Among other fellowships and prizes, the SRRC offers:
The Dissertation Proposal Development Fellowship (DPDF) program supports graduate students in formulating effective doctoral dissertation research proposals that contribute to the development of interdisciplinary fields of study in the humanities and social sciences. Intended to help emerging scholars make the transition from learners to producers of knowledge, the fellowship creates a space for faculty mentorship and opens unique opportunities for both interdisciplinary and international network building.
The fellowship cycle includes spring and fall workshops designed and led by pairs of senior tenured faculty, which provide a framework for pre-dissertation research and guide proposal writing within the context of selected research fields. In the summer months, student fellows carry out exploratory field research on their topics to evaluate issues of feasibility and methods of investigation.
The Mellon International Dissertation Research Fellowship (IDRF) offers nine to twelve months of support to graduate students in the humanities and humanistic social sciences who are enrolled in PhD programs in the United States and conducting dissertation research on non-US topics. Eighty fellowships are awarded annually. Fellowship amounts vary depending on the research plan, with a per-fellowship average of $20,000. The fellowship includes participation in an SSRC-funded interdisciplinary workshop upon the completion of IDRF-funded research.
The National Endowment for the Humanities (NEH) is an independent federal agency created in 1965. It is one of the largest funders of humanities programs in the United States.
Because democracy demands wisdom, NEH serves and strengthens our republic by promoting excellence in the humanities and conveying the lessons of history to all Americans. The Endowment accomplishes this mission by awarding grants for top-rated proposals examined by panels of independent, external reviewers.
NEH grants typically go to cultural institutions, such as museums, archives, libraries, colleges, universities, public television, and radio stations, and to individual scholars.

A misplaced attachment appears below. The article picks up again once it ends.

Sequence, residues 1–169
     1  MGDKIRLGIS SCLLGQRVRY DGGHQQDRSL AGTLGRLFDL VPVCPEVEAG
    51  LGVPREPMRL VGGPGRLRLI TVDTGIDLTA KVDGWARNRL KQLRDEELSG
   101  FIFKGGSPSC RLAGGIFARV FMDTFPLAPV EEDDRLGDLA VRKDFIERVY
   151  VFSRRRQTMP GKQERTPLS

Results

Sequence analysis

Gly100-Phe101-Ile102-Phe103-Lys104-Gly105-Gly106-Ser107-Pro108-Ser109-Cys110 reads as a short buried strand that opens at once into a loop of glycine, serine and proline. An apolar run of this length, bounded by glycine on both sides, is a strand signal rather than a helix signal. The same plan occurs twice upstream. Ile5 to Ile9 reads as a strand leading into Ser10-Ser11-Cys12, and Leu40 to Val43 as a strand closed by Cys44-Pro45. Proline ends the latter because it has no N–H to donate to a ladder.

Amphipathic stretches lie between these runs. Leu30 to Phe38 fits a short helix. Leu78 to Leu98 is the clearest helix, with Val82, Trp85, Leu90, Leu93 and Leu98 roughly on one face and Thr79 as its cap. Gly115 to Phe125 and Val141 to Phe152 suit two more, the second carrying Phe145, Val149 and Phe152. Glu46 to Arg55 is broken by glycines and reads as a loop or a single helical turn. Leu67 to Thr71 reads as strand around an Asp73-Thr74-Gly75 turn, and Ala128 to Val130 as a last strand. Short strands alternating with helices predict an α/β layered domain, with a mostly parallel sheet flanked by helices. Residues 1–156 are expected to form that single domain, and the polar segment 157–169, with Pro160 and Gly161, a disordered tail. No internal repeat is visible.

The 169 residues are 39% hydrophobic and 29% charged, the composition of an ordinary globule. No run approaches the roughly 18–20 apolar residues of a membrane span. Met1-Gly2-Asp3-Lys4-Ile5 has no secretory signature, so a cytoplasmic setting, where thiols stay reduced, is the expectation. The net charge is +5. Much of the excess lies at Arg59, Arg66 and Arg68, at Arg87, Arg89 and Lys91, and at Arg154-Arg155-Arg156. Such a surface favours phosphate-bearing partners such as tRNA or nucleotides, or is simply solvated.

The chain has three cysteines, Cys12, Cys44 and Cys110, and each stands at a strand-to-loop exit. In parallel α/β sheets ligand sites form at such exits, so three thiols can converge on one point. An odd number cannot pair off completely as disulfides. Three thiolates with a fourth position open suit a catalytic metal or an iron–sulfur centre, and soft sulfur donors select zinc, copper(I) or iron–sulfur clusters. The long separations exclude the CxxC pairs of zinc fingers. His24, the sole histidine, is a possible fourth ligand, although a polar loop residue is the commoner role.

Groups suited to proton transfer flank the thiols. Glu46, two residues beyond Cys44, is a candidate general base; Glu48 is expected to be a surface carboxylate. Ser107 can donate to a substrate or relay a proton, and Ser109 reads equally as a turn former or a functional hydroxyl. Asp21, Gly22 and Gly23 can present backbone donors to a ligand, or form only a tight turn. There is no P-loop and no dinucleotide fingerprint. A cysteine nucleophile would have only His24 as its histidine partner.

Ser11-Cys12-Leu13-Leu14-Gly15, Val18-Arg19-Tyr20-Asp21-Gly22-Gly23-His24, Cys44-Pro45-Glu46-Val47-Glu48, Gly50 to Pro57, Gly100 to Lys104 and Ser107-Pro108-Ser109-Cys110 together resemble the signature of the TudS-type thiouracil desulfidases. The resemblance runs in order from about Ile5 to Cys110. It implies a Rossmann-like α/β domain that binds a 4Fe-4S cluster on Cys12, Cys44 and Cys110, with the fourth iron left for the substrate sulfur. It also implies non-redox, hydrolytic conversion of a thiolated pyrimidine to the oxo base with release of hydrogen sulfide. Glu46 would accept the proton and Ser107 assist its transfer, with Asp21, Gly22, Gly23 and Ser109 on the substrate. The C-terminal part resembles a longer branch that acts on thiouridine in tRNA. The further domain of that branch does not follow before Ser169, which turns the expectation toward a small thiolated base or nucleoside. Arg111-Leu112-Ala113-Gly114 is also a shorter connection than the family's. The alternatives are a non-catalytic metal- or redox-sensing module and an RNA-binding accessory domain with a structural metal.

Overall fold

One of the world’s largest sources of funding for graduate women, AAUW is providing more than $3.7 million in funding for more than 245 fellowships and grants to outstanding women and nonprofit organizations in the 2013–14 academic year. Due to the longstanding, generous contributions of AAUW members, a broader community of women continues to gain access to educational and economic opportunities — breaking through barriers so that all women have a fair chance.
Fellowship and grant recipients perform research in a wide range of disciplines and work to improve their schools and communities. Their intellect, dedication, imagination, and effort promise to forge new paths in scholarship, improve the quality of life for all, and tackle the educational and social barriers facing women worldwide.
- American Fellowships: American Fellowships support women scholars who are completing dissertations, planning research leave from accredited institutions, or preparing research for publication. Applicants must be U.S. citizens or permanent residents. Candidates are evaluated on the basis of scholarly excellence; quality and originality of project design; and active commitment to helping women and girls through service in their communities, professions, or fields of research.
Dissertation Fellowships offset a scholar’s living expenses while she completes her dissertation. The fellowship must be used for the final year of writing the dissertation. Applicants must have completed all course work, passed all preliminary examinations, and received approval for their research proposals or plans by the preceding November. Students holding fellowships for writing a dissertation in the year prior to the AAUW fellowships year are not eligible. Open to applicants in all fields of study. Scholars engaged in science, technology, engineering, and math fields or researching gender issues are especially encouraged to apply.
Postdoctoral Research Leave Fellowships are designed to assist scholars in obtaining tenure and other promotions by enabling them to spend a year pursuing independent research. The primary purpose of the fellowship is to increase the number of women in tenure-track faculty positions and to promote equality for women in higher education. Tenured professors are not eligible.
Summer/Short-Term Research Publication Grants provide funds for women college and university faculty and independent researchers to prepare research for publication. Time must be available for eight consecutive weeks of final writing and editing in response to issues raised in critical reviews. These grants can be awarded to both tenure-track and part-time faculty, and new and established researchers. The grants are designed to assist the candidate in obtaining tenure and other promotions. Tenured professors are not eligible.